Bitcoin ATMs make buying and selling Bitcoin far more convenient than using online cryptocurrency exchanges. Typically, in order to use a Bitcoin ATM, a user must already have an account.
There are two categories of Bitcoin ATMs or BTMs:
- Unidirectional Machines: Devices for one-way Bitcoin transactions that permit both buying and selling.
- Machines that are two-way and facilitate both buying and selling of cryptocurrencies are known as bi-directional machines.
In order to facilitate the conversion of cryptocurrencies into cash, BTMs must be online. Some BTMs still use paper receipts, but most BTMs move money using a public key on the blockchain. When making significant transactions using bitcoin ATMs, a verification step is frequently necessary.
Bitcoin transactions are blockchain-based, in contrast to conventional ATMs, which only allow for physical deposits and withdrawals of money. They employ a QR code to deliver cryptocurrency to a user's Bitcoin wallet. They are also not run by major financial organizations because they do not link to a bank account. But as we just said, they follow the same rules and laws.
Typically, a QR code corresponding to the user's Bitcoin wallet address will be requested. Coins bought after then can be added to their wallet. After a few minutes of processing, a record of the transaction will then show up in the user's digital wallet. The amount of cash that may be deposited with a Bitcoin ATM is likewise subject to lower and upper limitations.
After knowing the types of Bitcoin ATMs, and “how does a Bitcoin ATM work?”, next up we will cover the pros and cons of Bitcoin ATMs.
Pros of a Bitcoin ATM
- Privacy: While occasionally requiring you to scan an ID before making a transaction, Bitcoin ATMs frequently don't entail disclosing your personal information.
- Accessibility: Anyone can purchase or sell cryptocurrencies because it isn't dependent on a single system, and it doesn't matter if they have a bank account or not. It is simple to acquire (or sell) Bitcoin using cash transactions since Bitcoin ATMs are widely available.
- Ability to sell Bitcoin: Some Bitcoin ATMs are bi-directional, allowing users to sell Bitcoin through them.
Cons of a Bitcoin ATM
- There aren't enough cryptocurrencies available: Typically, Bitcoin ATMs only let you exchange cash for cryptocurrency. You'll probably need to visit an online cryptocurrency exchange if you want to purchase other sorts of cryptocurrencies.
- High transaction costs: The charge for using a Bitcoin ATM to exchange money might be anything between 5% and 20%. While this is going on, transaction costs on certain online Bitcoin exchanges are less than 1%.
- Frequently targeted by scams: One drawback of the accessibility and anonymity of Bitcoin ATMs is that scammers and fraudsters may easily take advantage of them. The FBI reported an upsurge in fraudsters in 2021 who gave their victims fraudulent instructions to withdraw or transmit money using Bitcoin ATMs. It might be particularly challenging to find the con artist and get your money back if you fall for fraud utilizing a Bitcoin ATM.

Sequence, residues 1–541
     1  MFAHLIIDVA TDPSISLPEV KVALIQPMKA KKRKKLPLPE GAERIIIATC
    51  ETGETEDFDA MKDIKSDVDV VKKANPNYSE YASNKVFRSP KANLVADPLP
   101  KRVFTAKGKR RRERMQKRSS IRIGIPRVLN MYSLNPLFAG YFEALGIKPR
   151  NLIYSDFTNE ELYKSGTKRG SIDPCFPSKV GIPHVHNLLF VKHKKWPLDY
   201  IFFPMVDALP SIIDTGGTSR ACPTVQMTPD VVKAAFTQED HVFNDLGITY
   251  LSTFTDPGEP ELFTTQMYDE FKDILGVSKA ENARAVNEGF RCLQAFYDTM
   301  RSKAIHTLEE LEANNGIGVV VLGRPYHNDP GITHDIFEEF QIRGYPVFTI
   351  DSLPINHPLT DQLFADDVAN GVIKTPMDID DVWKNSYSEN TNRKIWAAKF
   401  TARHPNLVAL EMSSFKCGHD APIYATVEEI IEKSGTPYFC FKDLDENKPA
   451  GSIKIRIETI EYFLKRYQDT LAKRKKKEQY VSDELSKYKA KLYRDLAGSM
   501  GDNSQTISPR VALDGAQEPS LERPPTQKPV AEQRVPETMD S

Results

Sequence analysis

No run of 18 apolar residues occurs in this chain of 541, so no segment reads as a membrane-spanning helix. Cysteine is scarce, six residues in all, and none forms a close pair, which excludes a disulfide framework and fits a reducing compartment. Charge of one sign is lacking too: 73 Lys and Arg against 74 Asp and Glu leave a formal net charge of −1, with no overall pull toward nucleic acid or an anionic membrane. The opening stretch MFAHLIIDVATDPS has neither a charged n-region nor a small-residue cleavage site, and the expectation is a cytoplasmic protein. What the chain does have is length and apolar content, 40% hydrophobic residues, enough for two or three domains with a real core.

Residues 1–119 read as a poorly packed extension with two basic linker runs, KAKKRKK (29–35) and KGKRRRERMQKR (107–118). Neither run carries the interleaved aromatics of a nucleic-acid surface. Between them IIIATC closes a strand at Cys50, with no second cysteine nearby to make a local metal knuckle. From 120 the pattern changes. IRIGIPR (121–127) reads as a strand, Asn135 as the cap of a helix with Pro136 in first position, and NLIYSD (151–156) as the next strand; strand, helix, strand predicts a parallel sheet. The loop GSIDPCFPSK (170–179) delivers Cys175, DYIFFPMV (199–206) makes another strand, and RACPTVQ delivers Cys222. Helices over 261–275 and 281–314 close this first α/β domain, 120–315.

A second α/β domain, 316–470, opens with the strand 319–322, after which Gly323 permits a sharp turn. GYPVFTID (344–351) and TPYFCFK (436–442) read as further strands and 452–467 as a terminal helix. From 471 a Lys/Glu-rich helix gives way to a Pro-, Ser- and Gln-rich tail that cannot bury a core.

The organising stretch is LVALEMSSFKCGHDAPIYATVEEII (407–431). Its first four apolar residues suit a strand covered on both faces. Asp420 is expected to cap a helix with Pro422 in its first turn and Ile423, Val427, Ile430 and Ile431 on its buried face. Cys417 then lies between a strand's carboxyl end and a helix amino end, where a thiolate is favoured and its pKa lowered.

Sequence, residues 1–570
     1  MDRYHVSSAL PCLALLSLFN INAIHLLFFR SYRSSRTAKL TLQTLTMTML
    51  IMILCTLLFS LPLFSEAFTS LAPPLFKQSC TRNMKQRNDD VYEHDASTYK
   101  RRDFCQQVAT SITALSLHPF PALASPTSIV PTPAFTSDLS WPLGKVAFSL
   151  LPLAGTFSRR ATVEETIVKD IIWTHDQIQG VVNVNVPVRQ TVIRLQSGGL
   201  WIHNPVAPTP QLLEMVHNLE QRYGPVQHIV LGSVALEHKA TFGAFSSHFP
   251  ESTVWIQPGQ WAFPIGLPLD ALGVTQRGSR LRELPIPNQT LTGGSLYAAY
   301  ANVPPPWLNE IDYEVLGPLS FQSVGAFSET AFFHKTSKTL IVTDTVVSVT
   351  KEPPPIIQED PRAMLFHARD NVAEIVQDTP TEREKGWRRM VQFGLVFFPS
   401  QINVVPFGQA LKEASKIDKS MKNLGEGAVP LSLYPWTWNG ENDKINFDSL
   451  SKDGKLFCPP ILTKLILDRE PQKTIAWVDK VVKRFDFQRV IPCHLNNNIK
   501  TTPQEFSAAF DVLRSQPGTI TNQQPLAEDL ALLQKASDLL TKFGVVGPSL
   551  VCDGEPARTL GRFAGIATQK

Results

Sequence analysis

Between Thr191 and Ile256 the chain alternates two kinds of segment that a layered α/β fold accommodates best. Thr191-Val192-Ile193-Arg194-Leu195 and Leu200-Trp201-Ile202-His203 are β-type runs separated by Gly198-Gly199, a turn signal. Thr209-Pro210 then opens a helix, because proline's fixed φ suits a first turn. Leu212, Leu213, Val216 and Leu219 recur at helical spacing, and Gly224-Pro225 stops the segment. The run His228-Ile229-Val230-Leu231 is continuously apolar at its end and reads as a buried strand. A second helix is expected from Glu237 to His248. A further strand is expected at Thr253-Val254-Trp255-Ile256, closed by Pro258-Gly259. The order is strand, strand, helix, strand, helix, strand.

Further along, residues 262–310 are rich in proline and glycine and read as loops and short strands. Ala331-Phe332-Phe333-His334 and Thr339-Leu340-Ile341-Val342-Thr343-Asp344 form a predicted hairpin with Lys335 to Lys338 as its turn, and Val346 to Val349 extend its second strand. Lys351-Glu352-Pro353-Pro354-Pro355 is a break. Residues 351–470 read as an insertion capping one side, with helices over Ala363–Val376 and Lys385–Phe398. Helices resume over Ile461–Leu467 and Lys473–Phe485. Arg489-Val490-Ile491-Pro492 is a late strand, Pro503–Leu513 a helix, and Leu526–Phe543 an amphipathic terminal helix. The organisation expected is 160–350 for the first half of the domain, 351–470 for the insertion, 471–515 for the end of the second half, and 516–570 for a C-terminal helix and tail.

- Lack of protection: The federal government does not regulate Bitcoin or other cryptocurrencies. This implies that when you purchase Bitcoin via a Bitcoin ATM and add it to your digital wallet, it is not protected against theft or loss of funds by the FDIC, as it would be in a bank account.
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Why are Bitcoin ATMs gaining popularity?
Although trading cryptocurrency online is highly easy, consumers may run into issues with transaction timing, privacy, and support. Utilizing Bitcoin ATMs lessens its impact. Bitcoin often appears in the user's digital wallet in a matter of minutes or even seconds, making transactions instantaneous. Users are not required to divulge any personal information, including their banking information. Individuals who prefer to handle cash or are paid in cash should also find it simple to obtain cryptocurrencies.
With more than 20,000 Bitcoin ATMs deployed worldwide, we can anticipate them being crucial to the development of cryptocurrencies.
Summary: Bitcoin ATMs' Potential for Growth
Since its launch in 2013, the value of Bitcoin has risen steadily. One Bitcoin was worth about $200 back then. Years later, despite price swings, its value has increased to thousands of dollars.
Bitcoin and other cryptocurrencies are anticipated to grow in popularity as the world continues to move towards digital solutions in general, including financial transactions.
Disclaimer: This material has been prepared for informational purposes only, and is not intended to provide tax, legal, or financial advice. You should consult your own tax, legal, and accounting advisors before engaging in any transaction.